Guest contributions:

04.22.13  Uncommon Leadership 

04.02.15  Switch and Shift  

05.13.15  Better Practice Team Performance

05.29.15  Better Practice Team Performance

07.08.15  Switch and Shift 

07.14.15  Better Practice Team Performance

10.05.15  Switch and Shift 


Stacey's Reading List...

 

"Tribe of Mentors" by Timothy Ferriss

"Shortcut" by John Pollack 

"Seeing What Others Don't" by Gary Klein

"Several Short Sentences About Writing" by Verlyn Klinkenborg

"The Birkman Method - Your Personality at Work" by Sharon Birkman Fink and Stephanie Capparell

"Creative Intelligence" by Bruce Nussbaum 

"Improv Wisdom" by Patricia Ryan Madson

"Training To Imagine" by Kat Koppett

"Quiet" by Susan Cain

"Where Good Ideas Come From" by Steven Johnson

"A Whole New Mind" by Daniel H. Pink

"Emotional Intelligence" by Daniel Goleman 

"Rework" by Jason Fried and David Heinemeier Hansson  

"The Leadership Pipeline" by Ram Charan, Stephen Drotter, James Noel  

"Life:  Selected Quotations" by Paulo Coelho 

"Deep Change" by Robert Quinn

"The Power of Full Engagement" by Jim Loehr and Tony Schwartz  

"The Way of the Shepherd" by Dr. Kevin Leman and William Pentak  

"Developing the Leader Within You" by John Maxwell  

"Mr. Peabody's Apples" by Madonna

"Orbiting the Giant Hairball" by Gordon MacKenzie

 

 

 

blog archive
Friday
Feb082013

It started a conversation...

I am an introvert.  A high introvert.  A 30-I on the MBTI scale.  So perhaps I’m qualified to comment on Susan Cain’s best-selling book, Quiet:  The Power of Introverts in a World That Can’t Stop Talking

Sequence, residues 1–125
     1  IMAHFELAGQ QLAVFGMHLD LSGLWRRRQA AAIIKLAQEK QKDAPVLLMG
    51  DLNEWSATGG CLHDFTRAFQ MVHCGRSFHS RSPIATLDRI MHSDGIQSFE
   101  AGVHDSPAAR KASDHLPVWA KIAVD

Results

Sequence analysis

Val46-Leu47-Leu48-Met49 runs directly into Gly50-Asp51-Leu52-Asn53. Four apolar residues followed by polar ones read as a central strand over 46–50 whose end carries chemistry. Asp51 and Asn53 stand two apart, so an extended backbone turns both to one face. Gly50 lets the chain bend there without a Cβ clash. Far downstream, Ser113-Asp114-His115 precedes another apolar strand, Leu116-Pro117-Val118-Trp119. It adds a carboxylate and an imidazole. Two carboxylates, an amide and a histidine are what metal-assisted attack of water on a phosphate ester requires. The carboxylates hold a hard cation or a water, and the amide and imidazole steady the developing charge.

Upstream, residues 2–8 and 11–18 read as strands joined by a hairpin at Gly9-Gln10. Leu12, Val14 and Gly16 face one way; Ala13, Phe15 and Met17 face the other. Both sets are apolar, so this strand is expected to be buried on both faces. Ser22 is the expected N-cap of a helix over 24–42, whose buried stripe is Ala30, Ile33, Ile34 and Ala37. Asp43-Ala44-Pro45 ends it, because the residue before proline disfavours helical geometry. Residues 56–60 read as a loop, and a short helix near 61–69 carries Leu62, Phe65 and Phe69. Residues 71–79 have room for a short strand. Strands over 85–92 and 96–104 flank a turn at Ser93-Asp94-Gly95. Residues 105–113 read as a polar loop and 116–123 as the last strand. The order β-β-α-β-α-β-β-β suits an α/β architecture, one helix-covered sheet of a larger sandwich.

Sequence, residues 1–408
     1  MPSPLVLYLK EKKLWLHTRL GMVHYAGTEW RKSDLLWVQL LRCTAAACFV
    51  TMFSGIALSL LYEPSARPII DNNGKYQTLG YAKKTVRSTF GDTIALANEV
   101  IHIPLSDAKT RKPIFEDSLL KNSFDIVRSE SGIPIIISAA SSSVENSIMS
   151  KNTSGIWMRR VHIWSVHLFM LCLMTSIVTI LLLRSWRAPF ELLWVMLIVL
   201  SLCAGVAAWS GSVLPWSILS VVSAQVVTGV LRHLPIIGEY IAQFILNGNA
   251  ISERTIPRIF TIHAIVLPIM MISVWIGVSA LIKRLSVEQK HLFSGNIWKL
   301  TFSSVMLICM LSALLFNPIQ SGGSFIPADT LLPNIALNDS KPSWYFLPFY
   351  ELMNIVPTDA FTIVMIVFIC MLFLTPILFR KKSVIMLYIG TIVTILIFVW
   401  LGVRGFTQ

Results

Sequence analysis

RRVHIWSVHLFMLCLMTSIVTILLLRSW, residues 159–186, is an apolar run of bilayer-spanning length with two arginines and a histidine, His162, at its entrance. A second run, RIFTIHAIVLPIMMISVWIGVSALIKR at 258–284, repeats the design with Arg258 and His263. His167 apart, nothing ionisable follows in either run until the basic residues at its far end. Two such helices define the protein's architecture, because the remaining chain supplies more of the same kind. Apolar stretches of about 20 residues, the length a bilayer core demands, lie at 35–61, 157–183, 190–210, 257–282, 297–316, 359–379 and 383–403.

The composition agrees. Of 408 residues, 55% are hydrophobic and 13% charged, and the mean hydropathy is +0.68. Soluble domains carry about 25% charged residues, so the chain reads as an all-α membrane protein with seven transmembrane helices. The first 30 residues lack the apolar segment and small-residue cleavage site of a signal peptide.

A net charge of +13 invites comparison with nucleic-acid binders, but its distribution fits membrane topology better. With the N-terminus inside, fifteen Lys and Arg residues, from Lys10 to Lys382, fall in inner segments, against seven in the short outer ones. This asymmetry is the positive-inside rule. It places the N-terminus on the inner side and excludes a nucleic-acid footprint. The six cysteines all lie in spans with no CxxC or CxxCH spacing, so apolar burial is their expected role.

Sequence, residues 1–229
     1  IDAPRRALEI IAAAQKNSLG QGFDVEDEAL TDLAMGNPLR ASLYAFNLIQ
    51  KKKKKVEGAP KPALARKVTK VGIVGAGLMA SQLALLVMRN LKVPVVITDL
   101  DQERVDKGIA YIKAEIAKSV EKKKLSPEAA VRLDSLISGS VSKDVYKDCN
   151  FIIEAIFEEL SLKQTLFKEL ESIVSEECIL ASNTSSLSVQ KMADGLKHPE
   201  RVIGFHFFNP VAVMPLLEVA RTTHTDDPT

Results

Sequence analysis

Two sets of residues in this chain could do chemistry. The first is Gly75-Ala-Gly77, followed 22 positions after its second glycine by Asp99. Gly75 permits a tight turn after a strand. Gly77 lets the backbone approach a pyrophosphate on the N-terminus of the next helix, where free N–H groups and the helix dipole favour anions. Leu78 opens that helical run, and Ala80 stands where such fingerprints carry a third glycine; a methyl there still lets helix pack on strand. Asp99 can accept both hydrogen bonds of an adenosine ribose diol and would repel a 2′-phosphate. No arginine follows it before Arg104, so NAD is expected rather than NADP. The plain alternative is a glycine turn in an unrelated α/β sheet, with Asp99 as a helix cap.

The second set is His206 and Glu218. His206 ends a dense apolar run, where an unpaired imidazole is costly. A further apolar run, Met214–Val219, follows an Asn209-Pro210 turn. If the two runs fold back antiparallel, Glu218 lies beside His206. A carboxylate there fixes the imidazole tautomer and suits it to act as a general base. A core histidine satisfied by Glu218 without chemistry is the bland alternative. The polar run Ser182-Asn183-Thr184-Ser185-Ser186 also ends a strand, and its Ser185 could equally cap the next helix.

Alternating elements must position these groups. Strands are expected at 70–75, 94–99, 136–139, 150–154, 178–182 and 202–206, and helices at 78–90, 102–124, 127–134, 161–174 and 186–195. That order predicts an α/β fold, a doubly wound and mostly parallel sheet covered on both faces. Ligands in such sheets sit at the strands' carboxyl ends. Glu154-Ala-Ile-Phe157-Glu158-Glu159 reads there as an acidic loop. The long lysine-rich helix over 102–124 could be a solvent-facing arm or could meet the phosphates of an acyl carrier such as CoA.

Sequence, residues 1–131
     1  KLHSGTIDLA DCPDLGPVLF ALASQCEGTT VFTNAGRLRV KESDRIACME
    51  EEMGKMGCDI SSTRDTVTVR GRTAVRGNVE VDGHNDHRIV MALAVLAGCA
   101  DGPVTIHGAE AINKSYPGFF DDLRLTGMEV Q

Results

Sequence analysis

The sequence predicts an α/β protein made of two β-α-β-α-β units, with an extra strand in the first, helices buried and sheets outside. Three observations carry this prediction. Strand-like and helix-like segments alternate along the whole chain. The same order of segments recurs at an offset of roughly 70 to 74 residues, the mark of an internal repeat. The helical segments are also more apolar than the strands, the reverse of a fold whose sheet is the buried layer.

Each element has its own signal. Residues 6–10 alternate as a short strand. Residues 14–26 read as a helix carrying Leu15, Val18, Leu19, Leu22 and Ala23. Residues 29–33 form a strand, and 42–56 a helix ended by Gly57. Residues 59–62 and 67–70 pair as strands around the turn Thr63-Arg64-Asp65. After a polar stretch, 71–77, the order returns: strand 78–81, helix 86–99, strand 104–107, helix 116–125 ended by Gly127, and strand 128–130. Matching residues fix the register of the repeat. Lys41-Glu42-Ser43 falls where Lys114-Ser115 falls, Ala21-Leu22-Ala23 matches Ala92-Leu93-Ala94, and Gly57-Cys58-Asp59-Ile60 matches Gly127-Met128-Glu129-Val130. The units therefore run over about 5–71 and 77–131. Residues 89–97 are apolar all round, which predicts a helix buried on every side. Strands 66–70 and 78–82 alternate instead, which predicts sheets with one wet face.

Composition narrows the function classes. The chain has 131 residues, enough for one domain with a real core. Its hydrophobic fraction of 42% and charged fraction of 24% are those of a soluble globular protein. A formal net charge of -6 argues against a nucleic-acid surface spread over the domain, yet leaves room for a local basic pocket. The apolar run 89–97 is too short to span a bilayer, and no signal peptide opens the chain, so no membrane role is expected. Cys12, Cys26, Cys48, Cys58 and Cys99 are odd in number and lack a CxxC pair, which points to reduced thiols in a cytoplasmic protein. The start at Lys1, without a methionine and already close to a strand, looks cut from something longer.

As you might imagine, from my highly biased introverted perspective, I believe the book was well-researched, brilliantly written, and incredibly spot-on.

It’s joyful to read a book that so eloquently describes the essence of your true nature.  If I were to articulate my own unique introverted self, I would say something along the lines of “I keep things to myself, and the most profound things I keep the most to myself.” I like living in my head. 

Now hold that thought.  On the flip side, I found it exhilarating to read about extroversion.

It’s often easier to read about what you know, or in this case, who you are, and it’s a bit tougher to try to understand that which is so dissimilar to you.  In the end, I thought the book did a tremendous job balancing out both personality perspectives, giving you great insights, regardless of your preference. 

It’s not my intent to advocate for introversion or extroversion.  Because it’s not an either / or equation…it’s a both / and.  We need everyone contributing to the greater good in the way that works for them.  And we need everyone developing an understanding of that which is different from them. 

The brilliance of the book is that it stated a conversation – a conversation about how people are different.  That’s the real win.   

We are all wired differently.  We have different interests, we have different needs, we prefer different environments, we enjoy different interactions, we have different methods of processing…    

Different

Circling back -- I am an introvert.  A high introvert.  A 30-I on the MBTI scale.  BUT, I’m also a charter member of an improv troupe called Sock Monkey.  And I absolutely adore improvisation and my very extroverted troupe members.  I would not trade the experience for anything in the world.  They respect my need for sarcasm; I respect their need to hog the stage (I say that with great love in my voice).  Collectively, we are a tight-knit troupe and far better performers because we understand how to leverage our differences. 

It’s worth repeating.  The brilliance of the book is that it stated a conversation – a conversation about how people are different.  

We are all humans.  We are just differently human.

 

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